1. The Italian Job (1969)
This classic film combines British style (supplied by Michael Caine and a fleet of Mini Coopers) with Italian style (Lamborghini Miuras).
The film makers apparently struggled to get Mini’s car maker BMC to supply them with enough Mini Coopers. Despite the free publicity involved, BMC insisted on supplying many of the cars at trade price.
Hearing the situation Fiat stepped in to offer free cars but the producers stuck with the Mini Cooper and the rest is history.
2. Bullitt (1968)
Set on the steep streets of San Francisco this film starred Steve McQueen and had an extended car chase which captured the imagination of cinema audiences. It is hard to see a picture of a 1968 Mustang GT 390 without hearing the jazzy soundtrack music running through your head.
3. Christine (1983)
Cars can sometimes take on an almost-human quality and mirror, or indeed shape, the personality of their owner. This is a fact which is the central premise of the film Christine – an adaptation of a Stephen King novel in which a red-and-white Plymouth Fury named Christine seems to be ‘driving’ the thoughts and actions of its teenage owner.
This unusual horror film is a chilling reminder that it’s always best to try and find out a car’s previous history before buying one!
4. Vanishing Point (1971)
A road movie is often only as good as the cars which star in it and luckily the producer of Vanishing Point had several 1970 Dodge Challenger 440 R/Ts at his disposal. The film’s plot tells the tale of a character named Kowalski as he tries to deliver a Dodge Challenge to a car dealer in record time. Kowalski’s ambition is under threat of being thwarted by the police but he does have the help of a blind DJ and his car’s power certainly gives him a head-start!
5. Back to the Future (1985)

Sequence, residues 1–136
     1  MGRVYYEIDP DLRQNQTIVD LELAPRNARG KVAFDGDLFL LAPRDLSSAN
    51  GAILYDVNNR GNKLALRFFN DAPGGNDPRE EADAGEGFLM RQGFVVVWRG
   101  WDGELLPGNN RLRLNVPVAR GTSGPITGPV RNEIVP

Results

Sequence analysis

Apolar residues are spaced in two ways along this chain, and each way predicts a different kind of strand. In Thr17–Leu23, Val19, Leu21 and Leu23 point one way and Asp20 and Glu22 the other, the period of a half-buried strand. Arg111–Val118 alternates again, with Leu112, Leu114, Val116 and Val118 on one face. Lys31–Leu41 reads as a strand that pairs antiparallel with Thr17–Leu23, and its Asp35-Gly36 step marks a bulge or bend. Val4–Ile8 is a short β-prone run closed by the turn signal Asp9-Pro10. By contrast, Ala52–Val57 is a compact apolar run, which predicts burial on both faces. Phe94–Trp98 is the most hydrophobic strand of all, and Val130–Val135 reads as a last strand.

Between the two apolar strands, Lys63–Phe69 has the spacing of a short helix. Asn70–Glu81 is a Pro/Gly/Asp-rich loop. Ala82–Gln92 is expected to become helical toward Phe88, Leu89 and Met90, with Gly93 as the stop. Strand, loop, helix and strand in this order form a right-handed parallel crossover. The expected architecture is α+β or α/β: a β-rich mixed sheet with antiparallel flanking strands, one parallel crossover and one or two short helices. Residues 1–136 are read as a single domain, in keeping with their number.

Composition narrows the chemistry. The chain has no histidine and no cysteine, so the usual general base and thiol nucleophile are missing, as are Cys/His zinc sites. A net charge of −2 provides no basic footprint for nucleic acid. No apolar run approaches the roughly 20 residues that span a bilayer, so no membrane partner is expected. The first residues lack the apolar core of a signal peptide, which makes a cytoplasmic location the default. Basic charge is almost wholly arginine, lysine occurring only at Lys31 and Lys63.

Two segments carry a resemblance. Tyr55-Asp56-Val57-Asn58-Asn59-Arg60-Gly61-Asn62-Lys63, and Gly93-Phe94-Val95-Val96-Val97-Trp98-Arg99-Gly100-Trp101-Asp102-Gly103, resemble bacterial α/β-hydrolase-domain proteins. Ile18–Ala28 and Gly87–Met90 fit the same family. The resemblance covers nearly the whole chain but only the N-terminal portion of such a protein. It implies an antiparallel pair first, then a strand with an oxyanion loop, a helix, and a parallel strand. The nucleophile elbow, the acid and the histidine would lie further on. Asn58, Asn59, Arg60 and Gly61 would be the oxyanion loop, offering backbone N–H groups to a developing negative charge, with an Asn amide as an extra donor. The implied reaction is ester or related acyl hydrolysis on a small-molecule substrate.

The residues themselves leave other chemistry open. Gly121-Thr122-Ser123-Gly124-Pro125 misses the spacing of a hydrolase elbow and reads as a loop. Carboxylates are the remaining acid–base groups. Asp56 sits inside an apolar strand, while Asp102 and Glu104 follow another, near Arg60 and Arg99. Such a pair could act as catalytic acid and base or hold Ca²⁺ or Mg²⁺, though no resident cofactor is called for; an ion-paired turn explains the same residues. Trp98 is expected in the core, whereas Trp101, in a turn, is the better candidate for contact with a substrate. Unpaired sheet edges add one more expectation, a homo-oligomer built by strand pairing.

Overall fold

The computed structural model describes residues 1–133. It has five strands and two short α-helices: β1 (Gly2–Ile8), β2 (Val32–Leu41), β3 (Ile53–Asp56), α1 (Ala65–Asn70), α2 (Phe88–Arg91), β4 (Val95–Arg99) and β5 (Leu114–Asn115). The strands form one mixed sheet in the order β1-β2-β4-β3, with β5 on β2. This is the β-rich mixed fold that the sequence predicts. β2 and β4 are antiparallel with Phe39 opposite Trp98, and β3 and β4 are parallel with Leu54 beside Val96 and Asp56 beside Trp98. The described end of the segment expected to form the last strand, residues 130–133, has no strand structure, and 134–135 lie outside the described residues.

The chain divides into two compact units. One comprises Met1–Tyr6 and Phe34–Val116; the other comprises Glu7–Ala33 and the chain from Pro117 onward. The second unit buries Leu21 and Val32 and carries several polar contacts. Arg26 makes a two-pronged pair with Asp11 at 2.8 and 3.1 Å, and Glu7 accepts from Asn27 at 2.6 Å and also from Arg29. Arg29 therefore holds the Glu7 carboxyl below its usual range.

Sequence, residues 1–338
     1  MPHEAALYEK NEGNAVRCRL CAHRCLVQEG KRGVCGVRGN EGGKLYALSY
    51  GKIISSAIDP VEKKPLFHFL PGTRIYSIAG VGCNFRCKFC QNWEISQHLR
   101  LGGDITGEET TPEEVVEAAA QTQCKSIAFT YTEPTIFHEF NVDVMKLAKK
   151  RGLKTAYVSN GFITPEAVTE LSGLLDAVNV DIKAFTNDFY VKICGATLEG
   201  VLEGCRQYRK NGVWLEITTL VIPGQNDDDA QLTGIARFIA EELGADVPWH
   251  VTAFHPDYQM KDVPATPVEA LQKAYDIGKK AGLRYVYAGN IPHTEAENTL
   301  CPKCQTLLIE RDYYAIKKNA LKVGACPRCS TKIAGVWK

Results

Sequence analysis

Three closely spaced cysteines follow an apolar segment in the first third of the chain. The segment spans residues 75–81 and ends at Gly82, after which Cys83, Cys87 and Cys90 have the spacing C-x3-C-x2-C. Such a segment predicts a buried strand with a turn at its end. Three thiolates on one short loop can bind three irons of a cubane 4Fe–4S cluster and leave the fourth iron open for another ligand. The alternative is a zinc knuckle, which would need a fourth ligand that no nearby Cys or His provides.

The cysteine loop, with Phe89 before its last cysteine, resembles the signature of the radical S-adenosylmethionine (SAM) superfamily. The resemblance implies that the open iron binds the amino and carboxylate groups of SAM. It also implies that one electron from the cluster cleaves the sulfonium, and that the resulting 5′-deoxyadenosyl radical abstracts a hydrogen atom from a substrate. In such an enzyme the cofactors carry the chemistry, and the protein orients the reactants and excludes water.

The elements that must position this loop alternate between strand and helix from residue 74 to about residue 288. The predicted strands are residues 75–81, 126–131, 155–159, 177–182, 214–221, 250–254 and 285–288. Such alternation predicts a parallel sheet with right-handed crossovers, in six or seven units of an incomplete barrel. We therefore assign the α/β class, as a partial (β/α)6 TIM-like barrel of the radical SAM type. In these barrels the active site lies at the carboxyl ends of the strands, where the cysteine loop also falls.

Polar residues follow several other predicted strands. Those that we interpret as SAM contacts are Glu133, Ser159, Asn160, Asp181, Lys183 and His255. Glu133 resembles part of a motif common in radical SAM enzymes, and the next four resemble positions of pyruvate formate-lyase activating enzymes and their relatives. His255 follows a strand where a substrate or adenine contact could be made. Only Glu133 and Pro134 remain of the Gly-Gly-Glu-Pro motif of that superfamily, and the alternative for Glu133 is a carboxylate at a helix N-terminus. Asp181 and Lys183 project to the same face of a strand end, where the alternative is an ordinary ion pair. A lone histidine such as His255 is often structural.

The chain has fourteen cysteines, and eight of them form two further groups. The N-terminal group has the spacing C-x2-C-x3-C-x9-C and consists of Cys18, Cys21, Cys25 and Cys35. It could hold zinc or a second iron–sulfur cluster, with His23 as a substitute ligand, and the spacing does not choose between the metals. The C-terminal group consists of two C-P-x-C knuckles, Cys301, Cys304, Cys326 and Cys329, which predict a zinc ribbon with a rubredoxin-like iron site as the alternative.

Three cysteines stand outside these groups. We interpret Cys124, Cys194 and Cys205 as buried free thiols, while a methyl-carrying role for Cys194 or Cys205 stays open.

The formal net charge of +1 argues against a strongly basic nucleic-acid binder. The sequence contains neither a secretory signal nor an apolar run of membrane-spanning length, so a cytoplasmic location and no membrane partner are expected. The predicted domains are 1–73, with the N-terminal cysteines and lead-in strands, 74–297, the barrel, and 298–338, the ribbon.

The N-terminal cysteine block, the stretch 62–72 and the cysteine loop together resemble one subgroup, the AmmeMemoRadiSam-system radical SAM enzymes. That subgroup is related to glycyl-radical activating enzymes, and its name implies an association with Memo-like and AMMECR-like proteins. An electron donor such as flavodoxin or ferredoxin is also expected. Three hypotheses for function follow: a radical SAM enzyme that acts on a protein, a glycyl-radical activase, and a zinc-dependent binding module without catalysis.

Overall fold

The character Doc Brown in the film Back to the Future was just the man to modify the DeLorean sport car – converting the vehicle with the gull-wing doors into a time machine capable of travelling back to 1955. Doc Brown’s tradition of modifying the car continues to this day – the only ‘new’ DeLorean cars you will see are re-manufactured versions of original models.
6. Drive (2011)
This classy film is about an enigmatically-silent getaway driver who allows his clients just five minutes to carry out raids. The driver – no further name is given – never uses the same car twice but doesn’t seem fussy about what car he uses; so long as it can be souped-up enough to outwit the police and other chasing cars.
If the film credits named all the cars used in this film they would have to include the Cadillac Fleetwood Eldorado, Chevrolet Impala, Chrysler 300 and many other cars.
7. Duel (1971)
There are three 1971 films in this list and this is arguably the best. The film has a very simple storyline – a terrified motorist is chased by a mysterious tanker truck – a vehicle whose driver remains unseen. Steven Spielberg, making his directorial debut, held ‘auditions’ before deciding which truck to use but had only one stipulation about the choice of leading car – it had to be red. A Plymouth Valiant was eventually ‘cast’.
8. Gone in 60 Seconds (1974)
This film’s script is all about a car thief who has to steal 48 cars in a week – a great excuse for car experts to try and identify the makes of the cars in question. Do you know your Plymouth Barracuda from your Jenson Interceptor? Watch the film to find out. Re-made in 2000 with Nicholas Cage and a strong supporting cast of new and vintage cars.
9. Le Mans (1971)
This film features real-life footage of the 1970 edition of the Le Mans 24-hour race and stars racing enthusiast Steve McQueen playing the part of an American driver duelling with a German racing rival. The movie is heavy on racing action and light on dialogue but watching a Porsche 917 and a Ferrari 512 race through beautiful French countryside is never a chore.
10. Senna (2010)
Senna details the breathtaking highs and tragic lows of driving in the fast lane. Its star is Brazilian racing driver Ayrton Senna, a man whose daring driving style contrasts with the calculated risk-taking of his team mate Alain Prost. The rivalry between the team mates is examined using never-before-seen racing footage owned by Bernie Ecclestone. The film, which is devoid of talking heads interviews, has no conventional narrator but is wonderfully paced and edited. Even cinema-goers who don’t like Formula One can’t help but love Senna.